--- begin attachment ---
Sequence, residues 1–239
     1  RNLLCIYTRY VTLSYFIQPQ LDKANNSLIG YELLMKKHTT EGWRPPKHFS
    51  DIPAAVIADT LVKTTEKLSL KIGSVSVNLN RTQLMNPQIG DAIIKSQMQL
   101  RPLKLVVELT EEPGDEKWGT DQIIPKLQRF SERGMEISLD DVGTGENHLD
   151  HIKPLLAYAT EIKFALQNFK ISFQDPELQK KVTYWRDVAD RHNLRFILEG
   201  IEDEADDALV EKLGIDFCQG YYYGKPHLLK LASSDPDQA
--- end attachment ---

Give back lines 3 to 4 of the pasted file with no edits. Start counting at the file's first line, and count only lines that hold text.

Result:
    51  DIPAAVIADT LVKTTEKLSL KIGSVSVNLN RTQLMNPQIG DAIIKSQMQL
   101  RPLKLVVELT EEPGDEKWGT DQIIPKLQRF SERGMEISLD DVGTGENHLD